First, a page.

When US Representative Alexandria Ocasio-Cortez introduced her now-famous Green New Deal resolution to the press, she called climate change “one of the biggest existential threats to our way of life, not just as a nation but as a world.” To combat the threat, she said, “we must be as ambitious and innovative in our solution as possible.”
The Green New Deal is surely the United States’ most ambitious vision for climate justice to date. But the crisis, as Ocasio-Cortez knows, is a global one. Tackling it equitably, therefore, requires a worldwide effort that accounts for the unique challenges developing nations—particularly those in Africa, the continent considered most vulnerable to global heating—face in reducing greenhouse gas emissions and adapting to climate change. Ocasio-Cortez’s 14-page Green New Deal resolution, however, includes just one sentence concerning the United States’ obligations to the rest of the world. Other Green New Deal proposals that have recently emerged in European countries such as Spain are also largely focused within their own borders.
A Green New Deal, by definition, emphasizes climate justice, which means that domestic decarbonization plans within that framework may be less likely than others to produce damage in other countries. Still, African countries have good reason to be wary of potentially myopic Western climate agendas. In an article for The Conversation this February, Olúfẹ́mi O. Táíwò, a Nigerian professor of philosophy at Georgetown University, raised the concern that such plans could exacerbate “climate colonialism” by exploiting poorer nations’ resources. In Uganda, Mozambique, and Tanzania, for instance, thousands of people have been forcibly evicted from land purchased by a Norwegian company implementing forestry-based carbon offset projects. The Democratic Republic of the Congo, meanwhile, is struggling to manage the surge in demand for cobalt, a key component in the production of electric vehicles and renewable-energy batteries. The DRC has half of the world’s cobalt reserves, and about 20 percent of it is mined by children in dangerous, unregulated mines that the government has proved unable to close.
Previous global climate plans have mostly ignored the needs of the world’s vulnerable people, and that’s particularly true when it comes to climate finance. At COP24, the 2018 version of the United Nations Climate Change Conference, the chair of the Least Developed Countries Group—a body representing 48 nations that are especially vulnerable to climate change but have done the least to cause the problem—told the leaders of developed nations that merely making their own domestic climate plans more ambitious won’t be enough to address the global crisis. Gebru Jember Endalew, from Ethiopia, said for developing nations, “trillions of dollars in climate finance (are) needed to cover the costs of adapting to climate change impacts, coping with loss and damage, and pursuing clean development pathways to avoid emissions.”
The Green Climate Fund, which was created at COP16 in 2010, exists to manage those kinds of investments, but it’s being grossly neglected. Initially, developed countries agreed to contribute $100 billion to the fund annually by 2020. To date, however, only $10.3 billion has been pledged and only $3.5 billion has actually been committed. African countries, meanwhile, are “on a perpetual treadmill of paperwork” as they struggle to access what limited funds are earmarked for them.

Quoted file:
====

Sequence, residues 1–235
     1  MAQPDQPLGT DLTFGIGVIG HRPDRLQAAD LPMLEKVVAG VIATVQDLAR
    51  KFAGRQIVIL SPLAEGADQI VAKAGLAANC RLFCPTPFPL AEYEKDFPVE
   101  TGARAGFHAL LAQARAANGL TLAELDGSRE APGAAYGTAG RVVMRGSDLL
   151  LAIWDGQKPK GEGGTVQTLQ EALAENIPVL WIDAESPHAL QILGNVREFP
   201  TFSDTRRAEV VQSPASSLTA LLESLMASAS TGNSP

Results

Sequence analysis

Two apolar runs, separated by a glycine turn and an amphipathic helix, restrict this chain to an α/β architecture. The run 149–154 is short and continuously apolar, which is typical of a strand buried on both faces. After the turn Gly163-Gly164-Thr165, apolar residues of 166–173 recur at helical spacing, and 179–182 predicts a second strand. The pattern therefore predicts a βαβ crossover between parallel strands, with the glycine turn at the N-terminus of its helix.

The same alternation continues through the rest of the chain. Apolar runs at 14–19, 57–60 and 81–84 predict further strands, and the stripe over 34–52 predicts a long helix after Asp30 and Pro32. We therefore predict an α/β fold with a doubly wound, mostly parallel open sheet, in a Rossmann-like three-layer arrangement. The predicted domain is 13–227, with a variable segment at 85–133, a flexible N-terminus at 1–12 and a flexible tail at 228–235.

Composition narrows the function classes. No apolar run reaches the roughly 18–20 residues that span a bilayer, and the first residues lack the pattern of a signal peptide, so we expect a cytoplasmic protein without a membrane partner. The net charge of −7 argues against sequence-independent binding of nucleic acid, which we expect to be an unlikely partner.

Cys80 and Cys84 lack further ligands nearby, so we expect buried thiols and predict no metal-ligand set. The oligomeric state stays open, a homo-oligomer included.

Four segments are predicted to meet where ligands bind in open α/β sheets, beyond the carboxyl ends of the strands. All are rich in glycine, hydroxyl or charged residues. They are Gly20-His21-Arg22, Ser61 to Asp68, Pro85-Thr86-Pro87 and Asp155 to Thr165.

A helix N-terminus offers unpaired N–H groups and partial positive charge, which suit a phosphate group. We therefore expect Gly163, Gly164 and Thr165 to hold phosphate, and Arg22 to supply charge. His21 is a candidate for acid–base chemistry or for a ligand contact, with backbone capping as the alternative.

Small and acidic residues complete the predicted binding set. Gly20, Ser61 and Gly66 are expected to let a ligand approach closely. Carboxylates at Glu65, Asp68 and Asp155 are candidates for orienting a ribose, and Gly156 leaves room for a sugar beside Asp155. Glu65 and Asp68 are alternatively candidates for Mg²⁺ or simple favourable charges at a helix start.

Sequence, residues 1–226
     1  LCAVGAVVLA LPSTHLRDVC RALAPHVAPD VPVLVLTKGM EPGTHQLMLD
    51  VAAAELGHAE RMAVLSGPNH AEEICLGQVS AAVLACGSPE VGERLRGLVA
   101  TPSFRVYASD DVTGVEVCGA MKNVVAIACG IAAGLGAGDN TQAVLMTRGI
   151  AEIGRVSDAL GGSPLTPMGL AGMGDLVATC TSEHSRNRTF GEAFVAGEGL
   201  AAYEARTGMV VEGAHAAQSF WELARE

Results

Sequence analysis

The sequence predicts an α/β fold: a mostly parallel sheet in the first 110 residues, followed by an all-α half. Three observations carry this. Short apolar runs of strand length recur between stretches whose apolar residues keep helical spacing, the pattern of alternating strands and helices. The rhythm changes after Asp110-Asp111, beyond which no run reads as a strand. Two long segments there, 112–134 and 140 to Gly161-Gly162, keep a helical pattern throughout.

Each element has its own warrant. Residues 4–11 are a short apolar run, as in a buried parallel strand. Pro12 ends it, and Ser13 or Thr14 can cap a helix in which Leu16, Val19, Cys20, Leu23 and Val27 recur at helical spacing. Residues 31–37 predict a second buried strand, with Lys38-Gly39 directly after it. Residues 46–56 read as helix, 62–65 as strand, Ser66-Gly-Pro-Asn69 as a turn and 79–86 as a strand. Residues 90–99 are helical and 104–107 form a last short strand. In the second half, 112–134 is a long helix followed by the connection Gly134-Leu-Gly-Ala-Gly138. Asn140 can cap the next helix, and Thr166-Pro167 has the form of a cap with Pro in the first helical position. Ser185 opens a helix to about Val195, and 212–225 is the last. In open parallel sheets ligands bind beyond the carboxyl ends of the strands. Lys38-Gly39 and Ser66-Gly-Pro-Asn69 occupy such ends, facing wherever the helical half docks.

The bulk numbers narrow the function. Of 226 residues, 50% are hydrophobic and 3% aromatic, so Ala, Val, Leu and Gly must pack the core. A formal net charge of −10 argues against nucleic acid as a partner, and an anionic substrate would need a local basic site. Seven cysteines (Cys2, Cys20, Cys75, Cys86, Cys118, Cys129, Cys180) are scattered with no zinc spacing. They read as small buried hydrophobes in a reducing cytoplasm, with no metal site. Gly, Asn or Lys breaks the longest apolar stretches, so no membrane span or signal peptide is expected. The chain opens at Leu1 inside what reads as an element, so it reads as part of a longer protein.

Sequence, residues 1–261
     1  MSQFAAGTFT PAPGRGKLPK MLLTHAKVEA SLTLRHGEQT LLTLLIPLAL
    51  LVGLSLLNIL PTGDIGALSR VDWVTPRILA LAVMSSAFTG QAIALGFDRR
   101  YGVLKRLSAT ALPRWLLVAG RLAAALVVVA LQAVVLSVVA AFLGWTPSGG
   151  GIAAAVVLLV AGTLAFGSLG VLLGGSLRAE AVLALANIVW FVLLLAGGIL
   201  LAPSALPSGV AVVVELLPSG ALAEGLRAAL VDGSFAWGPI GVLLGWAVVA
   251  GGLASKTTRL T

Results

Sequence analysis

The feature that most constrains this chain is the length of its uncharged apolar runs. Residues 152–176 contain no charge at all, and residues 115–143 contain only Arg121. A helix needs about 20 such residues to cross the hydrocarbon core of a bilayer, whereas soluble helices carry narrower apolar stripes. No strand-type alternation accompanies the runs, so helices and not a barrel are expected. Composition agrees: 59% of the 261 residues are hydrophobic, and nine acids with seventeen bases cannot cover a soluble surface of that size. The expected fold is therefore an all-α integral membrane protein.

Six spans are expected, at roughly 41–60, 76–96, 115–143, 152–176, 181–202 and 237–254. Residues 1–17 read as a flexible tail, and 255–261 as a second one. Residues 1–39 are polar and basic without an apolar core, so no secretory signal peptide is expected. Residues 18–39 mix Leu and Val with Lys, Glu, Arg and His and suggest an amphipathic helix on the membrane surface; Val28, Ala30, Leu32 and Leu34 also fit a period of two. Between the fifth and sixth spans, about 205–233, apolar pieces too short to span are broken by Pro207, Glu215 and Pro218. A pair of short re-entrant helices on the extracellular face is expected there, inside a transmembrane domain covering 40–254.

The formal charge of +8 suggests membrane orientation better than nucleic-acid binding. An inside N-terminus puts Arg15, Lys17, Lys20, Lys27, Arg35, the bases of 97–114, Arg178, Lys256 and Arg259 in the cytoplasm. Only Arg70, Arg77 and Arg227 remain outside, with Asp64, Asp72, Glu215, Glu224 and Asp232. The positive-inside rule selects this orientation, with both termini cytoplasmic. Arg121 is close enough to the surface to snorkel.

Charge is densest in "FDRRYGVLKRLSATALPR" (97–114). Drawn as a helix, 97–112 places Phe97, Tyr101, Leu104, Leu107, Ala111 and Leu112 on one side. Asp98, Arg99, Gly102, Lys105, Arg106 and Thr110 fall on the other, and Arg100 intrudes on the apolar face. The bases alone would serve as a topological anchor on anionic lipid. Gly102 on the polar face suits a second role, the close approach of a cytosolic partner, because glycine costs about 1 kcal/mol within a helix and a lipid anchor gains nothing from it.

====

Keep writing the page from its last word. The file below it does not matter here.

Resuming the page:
Recent proposals for a planet-wide Green New Deal seek to make climate finance a powerful instrument of climate justice. Yanis Varoufakis and David Adler of the Democracy in Europe Movement have proposed an International Green New Deal that would raise $8 trillion annually for renewable energy investment and climate protections “on the basis of countries’ needs, rather than their means.” People’s Policy Project, a socialist think tank, has a plan for a Global Green New Deal, which calls on the United States to transfer $680 billion a year to the Green Climate Fund, and for other OECD nations to contribute their fair share. Such proposals don’t just make sense morally; they also make sense scientifically. Greenhouse gas emissions are rising precipitously in developing countries. To avoid a planetary catastrophe, developed nations must give developing nations the technical and financial support they need to transition to low carbon economies.
Are Africans clamoring for such a transition? Not exactly. A recent Bloomberg look at global polls revealed that among voters in three African nations—Kenya, Nigeria, and South Africa–climate concerns are far outweighed by everyday anxieties about employment and security. In an article for the the South African Mail & Guardian, for example, the University of Cape Town’s Co-Pierre Georg argued that South Africa needs to first improve education, create jobs, and strengthen the agricultural sector before it can worry about the planet. What such arguments miss is that the line between economic development and climate adaptation in Africa is a blurry one, and it will only get blurrier as the planet gets hotter.
The American Green New Deal, after a resounding defeat in the Senate in March, remains a gleam in Ocasio-Cortez’s eye. International proposals that share its emphasis on climate justice are even further from political reality. For African leaders who are concerned about the climate crisis, that could be seen as greatly discouraging. But it could also be greatly hopeful, as it means that there’s still time to push the international community toward a truly “ambitious and innovative” climate plan—one that works not just for Western nations, but for the entire world.